I understand the sentiment behind the negativity in this thread but it seems o me that you’re cutting off your nose to spite your face. If at the end of the day this approach brings in more money for both government and taxpaying individuals then isn't it the prudent thing to do.

That’s not to mention the fact that it would make the public (not the government) the majority shareholder in RBS, if you wanted to do something about bonuses and low lending levels then this would provide a massive tool to achieve those ends.

This scheme is not without problems or valid criticism but I don’t think the ones mentioned in this thread are particularly major ones.

Some criticism I just don’t buy, like the idea that this will quash all the negative feeling towards and scrutiny of the banks; the British are a cynical lot, in my opinion to their detriment, and I think the general reaction to this would be “about time” and nothing more. I don't believe we'll see a call to deregulate the banks again or anything of the sort.

The idea that it’s not enough is again being petty; it’s more than you would otherwise get. It may be a bad apology but it’s better than a cold screw you.

It won’t change anyone’s tax band; any gains will be subject to capital gains and not income tax. Only dividends could affect someone’s income tax band but the amount that people would be getting would be relatively tiny, so unless you’re earning £39,851 then it’s not really going to affect you.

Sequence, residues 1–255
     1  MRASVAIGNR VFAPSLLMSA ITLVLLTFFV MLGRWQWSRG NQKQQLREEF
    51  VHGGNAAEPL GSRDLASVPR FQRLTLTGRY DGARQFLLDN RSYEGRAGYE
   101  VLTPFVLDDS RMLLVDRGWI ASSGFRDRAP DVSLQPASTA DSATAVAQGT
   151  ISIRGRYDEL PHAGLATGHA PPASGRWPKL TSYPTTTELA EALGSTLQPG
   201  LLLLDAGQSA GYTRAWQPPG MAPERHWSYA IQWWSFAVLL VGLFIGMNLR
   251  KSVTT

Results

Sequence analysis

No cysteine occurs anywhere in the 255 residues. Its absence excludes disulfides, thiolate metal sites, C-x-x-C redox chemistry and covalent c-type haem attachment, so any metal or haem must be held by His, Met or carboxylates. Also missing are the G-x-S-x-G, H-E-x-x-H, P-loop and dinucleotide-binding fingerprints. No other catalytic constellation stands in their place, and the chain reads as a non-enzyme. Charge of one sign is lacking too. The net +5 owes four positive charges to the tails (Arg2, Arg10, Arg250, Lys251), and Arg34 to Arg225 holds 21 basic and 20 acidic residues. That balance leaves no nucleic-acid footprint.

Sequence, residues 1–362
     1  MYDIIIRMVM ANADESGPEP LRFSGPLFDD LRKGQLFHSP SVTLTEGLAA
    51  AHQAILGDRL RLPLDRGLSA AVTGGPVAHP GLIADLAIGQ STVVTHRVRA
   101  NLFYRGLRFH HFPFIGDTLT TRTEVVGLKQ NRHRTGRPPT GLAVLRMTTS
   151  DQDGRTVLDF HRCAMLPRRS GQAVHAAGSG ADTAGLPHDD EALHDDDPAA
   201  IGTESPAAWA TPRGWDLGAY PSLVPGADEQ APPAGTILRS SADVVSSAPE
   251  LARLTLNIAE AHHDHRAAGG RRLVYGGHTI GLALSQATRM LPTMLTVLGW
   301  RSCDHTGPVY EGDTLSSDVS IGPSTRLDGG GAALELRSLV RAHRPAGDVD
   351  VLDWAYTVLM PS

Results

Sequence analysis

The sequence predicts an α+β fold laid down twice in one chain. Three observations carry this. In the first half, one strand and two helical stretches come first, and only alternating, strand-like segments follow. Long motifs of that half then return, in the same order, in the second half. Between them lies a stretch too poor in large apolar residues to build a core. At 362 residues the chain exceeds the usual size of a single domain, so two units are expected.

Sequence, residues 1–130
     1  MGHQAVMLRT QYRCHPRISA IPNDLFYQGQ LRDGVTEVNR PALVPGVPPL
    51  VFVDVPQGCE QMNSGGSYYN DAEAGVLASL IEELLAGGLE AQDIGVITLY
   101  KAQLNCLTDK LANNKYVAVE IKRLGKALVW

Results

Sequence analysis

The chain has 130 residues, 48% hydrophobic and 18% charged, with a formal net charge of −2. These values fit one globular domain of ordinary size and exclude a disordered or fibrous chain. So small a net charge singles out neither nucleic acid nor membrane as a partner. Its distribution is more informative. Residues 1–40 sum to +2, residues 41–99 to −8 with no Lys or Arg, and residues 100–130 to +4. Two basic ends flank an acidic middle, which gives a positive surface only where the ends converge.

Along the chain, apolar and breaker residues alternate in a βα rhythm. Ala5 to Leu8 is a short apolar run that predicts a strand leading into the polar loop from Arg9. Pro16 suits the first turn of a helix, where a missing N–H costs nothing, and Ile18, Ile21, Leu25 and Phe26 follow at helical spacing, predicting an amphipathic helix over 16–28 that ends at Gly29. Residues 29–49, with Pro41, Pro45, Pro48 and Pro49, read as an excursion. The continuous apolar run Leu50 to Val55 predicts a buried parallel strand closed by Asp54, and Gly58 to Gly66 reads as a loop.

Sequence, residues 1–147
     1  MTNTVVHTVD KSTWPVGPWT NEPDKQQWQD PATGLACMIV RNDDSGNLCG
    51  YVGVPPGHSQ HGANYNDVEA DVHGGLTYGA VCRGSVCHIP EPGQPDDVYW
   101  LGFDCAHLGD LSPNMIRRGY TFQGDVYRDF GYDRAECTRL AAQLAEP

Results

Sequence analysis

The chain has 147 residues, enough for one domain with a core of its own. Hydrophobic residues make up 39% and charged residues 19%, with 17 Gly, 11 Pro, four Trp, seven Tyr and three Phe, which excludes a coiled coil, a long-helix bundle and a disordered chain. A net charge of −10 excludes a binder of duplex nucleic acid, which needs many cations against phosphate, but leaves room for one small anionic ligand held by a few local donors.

This is nothing like the right to buy; council houses were a resource that the government needed and would continue to need. The government does not need to maintain ownership of the banks and will re-privatise Lloyds and RBS (and other assets) regardless, the only question is how they do that.

*1 www.statistics.gov.uk...

*2 www.statistics.gov.uk...

*3 www.cps.org.uk...

reply to post by Freeborn
 


Do you think we should keep Lloyds, RBS and the others as national banks?

edit on 17-5-2011 by Mike_A because: (no reason given)



posted on May, 17 2011 @ 02:17 PM
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reply to post by Mike_A
 


To be honest I don't really know; I'm not really clued up enough on banking to give a truly qualified opinion.

And that's the key to the everyday person's problems with banking and investment etc.
We've never really had the time or opportunity to learn about these institutions etc and as such are easily baffled by bull#.

I could say that now we have bailed these banks out we should at least get some sort of payback for our money but I'm not that naive that I think it's as easy and straight forward as that.

Personally I believe that increased Nationalisation wouldn't necessarily be a bad thing provided they were managed professionally and the profits generated were genuinely re-invested into the country.

I suspect I maybe in a very small minority that thinks that way.